HIV-I knocks out immune system faster than thought


Washington : The HIV-I virus virtually knocks out the immune system much faster than previously thought.

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The window of opportunity for successful intervention may be only a matter of days – not weeks – after transmission, according to scientists of Duke University Medical Centre.

The finding may compound the problem of the challenge of designing an effective HIV/AIDS vaccine. But it has also yielded a blueprint for what a successful vaccine should look like, and moreover, when such a vaccine would need to work.

Until now, scientists believed that the window of opportunity for intervention lasted three to four weeks between transmission and the development of an established pool of infected CD4 T cells. HIV-1 cripples the immune system by invading and killing CD4 T cells, key infection-fighters in the body.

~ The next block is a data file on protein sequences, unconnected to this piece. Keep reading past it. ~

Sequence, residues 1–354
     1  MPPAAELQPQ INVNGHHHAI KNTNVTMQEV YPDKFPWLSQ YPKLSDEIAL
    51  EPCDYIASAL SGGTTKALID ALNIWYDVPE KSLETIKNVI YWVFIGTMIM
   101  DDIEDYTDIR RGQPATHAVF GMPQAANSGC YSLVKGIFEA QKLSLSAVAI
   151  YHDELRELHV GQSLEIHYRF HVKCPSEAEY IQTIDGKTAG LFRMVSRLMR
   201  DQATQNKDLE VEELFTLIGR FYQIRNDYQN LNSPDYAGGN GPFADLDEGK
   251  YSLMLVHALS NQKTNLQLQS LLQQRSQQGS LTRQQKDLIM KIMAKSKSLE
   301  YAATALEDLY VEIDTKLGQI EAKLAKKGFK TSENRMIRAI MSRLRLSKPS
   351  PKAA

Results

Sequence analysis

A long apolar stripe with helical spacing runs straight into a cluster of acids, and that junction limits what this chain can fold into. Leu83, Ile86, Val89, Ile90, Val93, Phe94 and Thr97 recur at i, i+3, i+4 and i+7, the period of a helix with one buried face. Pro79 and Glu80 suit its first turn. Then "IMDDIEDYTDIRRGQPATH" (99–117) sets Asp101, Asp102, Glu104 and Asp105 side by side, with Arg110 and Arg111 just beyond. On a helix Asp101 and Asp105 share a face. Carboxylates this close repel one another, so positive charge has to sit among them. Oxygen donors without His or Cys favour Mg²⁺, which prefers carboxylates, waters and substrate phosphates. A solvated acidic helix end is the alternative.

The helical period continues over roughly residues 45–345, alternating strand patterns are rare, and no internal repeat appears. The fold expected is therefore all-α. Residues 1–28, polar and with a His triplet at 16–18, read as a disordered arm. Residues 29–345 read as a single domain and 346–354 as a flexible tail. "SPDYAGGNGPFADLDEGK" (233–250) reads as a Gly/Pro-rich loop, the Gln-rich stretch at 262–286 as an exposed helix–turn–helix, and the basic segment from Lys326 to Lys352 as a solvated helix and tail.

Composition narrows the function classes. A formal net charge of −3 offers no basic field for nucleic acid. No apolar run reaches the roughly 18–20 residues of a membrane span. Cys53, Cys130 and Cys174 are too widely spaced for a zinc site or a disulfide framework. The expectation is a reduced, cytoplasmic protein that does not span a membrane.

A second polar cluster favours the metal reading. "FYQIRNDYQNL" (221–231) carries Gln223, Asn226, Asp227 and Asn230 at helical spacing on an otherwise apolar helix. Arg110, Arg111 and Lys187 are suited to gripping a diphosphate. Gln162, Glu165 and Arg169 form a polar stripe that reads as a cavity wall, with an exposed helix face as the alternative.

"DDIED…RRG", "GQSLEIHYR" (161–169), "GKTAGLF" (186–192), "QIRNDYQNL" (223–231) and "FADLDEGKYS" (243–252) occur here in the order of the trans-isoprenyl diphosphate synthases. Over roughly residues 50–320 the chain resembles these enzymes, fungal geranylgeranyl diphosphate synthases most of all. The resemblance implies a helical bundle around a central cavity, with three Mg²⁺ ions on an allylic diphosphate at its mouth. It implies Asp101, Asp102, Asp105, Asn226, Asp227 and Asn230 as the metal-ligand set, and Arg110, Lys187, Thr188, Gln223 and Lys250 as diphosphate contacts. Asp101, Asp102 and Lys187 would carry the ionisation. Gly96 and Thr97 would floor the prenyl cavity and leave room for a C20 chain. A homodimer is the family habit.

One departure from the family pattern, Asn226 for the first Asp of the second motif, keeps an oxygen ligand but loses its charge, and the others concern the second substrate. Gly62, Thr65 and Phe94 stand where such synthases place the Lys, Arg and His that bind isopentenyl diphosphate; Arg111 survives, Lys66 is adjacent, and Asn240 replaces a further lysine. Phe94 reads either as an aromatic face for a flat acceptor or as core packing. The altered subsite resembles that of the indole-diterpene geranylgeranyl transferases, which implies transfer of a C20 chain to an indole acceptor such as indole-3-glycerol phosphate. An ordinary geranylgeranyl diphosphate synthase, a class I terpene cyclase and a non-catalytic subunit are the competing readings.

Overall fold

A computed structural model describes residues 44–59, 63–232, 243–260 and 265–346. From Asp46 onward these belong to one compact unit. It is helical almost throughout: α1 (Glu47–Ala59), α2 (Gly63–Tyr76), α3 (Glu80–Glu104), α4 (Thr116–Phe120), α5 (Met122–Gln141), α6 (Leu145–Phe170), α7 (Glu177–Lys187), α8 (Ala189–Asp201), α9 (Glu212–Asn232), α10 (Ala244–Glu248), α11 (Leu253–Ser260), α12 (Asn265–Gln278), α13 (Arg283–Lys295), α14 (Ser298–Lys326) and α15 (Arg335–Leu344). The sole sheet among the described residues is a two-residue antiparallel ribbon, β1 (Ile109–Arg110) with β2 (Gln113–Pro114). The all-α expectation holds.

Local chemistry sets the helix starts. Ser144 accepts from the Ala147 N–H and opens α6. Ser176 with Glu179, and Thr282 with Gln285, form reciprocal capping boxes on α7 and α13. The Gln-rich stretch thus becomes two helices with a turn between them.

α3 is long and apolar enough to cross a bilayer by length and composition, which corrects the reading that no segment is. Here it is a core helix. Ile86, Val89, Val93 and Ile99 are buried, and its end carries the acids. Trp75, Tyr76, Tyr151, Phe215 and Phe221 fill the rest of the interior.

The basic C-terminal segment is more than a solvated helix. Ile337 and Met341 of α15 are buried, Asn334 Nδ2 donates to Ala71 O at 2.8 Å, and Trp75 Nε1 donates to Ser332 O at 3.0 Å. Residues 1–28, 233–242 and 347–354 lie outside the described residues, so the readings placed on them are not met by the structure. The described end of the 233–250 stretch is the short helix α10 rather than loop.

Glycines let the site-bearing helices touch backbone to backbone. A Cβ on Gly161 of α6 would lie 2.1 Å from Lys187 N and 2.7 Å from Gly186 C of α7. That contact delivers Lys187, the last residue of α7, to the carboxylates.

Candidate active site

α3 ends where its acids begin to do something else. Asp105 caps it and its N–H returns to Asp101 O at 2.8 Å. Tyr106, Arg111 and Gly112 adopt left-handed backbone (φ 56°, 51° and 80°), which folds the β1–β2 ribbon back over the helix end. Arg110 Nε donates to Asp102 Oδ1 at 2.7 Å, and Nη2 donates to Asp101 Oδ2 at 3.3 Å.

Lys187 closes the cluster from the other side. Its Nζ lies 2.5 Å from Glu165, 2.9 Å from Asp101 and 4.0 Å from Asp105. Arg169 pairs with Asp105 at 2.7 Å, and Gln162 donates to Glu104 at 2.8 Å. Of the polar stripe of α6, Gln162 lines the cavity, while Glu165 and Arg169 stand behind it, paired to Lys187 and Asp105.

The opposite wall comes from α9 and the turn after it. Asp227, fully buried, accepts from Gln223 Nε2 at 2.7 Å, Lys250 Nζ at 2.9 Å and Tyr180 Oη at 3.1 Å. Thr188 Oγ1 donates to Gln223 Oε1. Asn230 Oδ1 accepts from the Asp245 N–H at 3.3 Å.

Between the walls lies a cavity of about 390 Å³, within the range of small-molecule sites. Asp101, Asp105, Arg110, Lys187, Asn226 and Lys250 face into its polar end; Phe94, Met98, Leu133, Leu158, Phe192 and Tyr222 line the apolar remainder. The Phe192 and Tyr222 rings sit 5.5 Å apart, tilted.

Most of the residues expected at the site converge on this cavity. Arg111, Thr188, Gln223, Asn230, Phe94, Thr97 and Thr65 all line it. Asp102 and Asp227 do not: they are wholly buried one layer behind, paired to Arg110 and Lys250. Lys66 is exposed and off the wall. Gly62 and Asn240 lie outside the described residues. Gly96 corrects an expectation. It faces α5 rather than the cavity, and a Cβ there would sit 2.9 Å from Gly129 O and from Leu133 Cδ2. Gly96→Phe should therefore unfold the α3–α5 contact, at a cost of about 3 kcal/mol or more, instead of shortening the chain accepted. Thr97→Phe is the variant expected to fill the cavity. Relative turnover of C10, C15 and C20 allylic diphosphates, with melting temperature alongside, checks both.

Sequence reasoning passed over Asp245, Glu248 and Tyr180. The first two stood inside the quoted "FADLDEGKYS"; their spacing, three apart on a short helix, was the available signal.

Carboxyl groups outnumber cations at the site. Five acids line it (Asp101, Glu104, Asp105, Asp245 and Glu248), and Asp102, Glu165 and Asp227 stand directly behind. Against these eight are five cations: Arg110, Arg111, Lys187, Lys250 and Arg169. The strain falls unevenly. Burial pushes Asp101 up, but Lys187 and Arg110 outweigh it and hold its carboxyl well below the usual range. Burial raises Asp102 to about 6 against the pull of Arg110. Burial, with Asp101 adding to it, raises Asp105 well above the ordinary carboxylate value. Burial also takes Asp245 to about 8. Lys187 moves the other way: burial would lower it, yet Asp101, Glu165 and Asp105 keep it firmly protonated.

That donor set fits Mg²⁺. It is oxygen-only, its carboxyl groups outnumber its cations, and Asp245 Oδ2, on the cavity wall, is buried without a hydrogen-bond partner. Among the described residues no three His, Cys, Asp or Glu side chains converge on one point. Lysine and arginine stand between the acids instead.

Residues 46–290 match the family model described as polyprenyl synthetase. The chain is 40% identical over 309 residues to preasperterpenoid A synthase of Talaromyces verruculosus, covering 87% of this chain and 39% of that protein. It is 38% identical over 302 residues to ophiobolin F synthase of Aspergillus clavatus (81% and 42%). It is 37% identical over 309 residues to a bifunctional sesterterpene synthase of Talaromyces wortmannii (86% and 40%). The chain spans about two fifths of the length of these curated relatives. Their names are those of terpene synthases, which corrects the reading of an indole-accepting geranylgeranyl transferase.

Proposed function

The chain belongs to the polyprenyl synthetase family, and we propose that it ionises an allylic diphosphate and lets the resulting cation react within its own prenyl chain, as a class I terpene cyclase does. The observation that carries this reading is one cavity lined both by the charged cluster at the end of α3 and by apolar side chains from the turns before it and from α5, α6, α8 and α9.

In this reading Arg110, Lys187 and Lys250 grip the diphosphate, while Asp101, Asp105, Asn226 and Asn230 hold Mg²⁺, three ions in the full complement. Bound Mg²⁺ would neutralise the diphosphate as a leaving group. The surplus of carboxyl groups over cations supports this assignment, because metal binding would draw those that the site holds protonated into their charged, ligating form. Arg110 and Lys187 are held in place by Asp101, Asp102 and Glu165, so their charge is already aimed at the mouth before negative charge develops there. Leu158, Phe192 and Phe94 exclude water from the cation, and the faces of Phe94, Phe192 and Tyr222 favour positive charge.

“But this new study shows that HIV-I does a lot of damage to the immune system very early … and now we feel that the opportunity to intervene most effectively may range from about five to seven days after infection,” said Barton Haynes, co-author of the study and director, Duke Centre for HIV/AIDS Vaccine Immunology (CHAVI).

Haynes said the findings suggest that an optimal vaccine strategy would have to pack a double punch: First, establishing as much immunity as possible before infection, much as classic vaccines do, and then following a few days later with a mechanism to provoke a strong, secondary, broad-based antibody response.

“Vaccine candidates to date have pretty much followed a single strategy. Now we know that we need to activate multiple arms of the immune system and we have a better idea of when to do it.”

The conclusion is based on a study of 30 people who were newly-infected with HIV-I. Plasma from these individuals was sampled every three days for several months – before, during, and after the “ramp-up” phase of infection, when HIV-I is multiplying rapidly and heading toward its peak viral load.

In measuring the levels of four products of CD4 T cell death during this period in these samples, they were able to track and establish a timetable of the virus’s destructive path.

These findings will appear in the August issue of the Journal of Virology.